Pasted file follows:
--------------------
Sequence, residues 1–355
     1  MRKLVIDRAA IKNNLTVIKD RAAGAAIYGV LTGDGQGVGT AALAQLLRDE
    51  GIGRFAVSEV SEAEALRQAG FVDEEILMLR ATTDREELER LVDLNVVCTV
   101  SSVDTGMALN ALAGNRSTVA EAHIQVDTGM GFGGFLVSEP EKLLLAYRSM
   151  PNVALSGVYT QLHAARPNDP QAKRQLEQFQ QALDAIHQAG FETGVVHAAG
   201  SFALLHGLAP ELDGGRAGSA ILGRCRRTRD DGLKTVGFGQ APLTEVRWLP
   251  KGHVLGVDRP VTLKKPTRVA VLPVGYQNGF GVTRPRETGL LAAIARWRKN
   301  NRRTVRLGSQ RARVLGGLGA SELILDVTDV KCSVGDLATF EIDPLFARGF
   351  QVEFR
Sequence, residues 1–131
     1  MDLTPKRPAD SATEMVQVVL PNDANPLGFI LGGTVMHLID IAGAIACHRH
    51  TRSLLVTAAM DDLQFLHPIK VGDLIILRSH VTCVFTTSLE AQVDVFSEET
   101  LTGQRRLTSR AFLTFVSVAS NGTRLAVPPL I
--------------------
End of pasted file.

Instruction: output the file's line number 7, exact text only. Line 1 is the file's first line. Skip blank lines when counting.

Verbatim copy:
   251  KGHVLGVDRP VTLKKPTRVA VLPVGYQNGF GVTRPRETGL LAAIARWRKN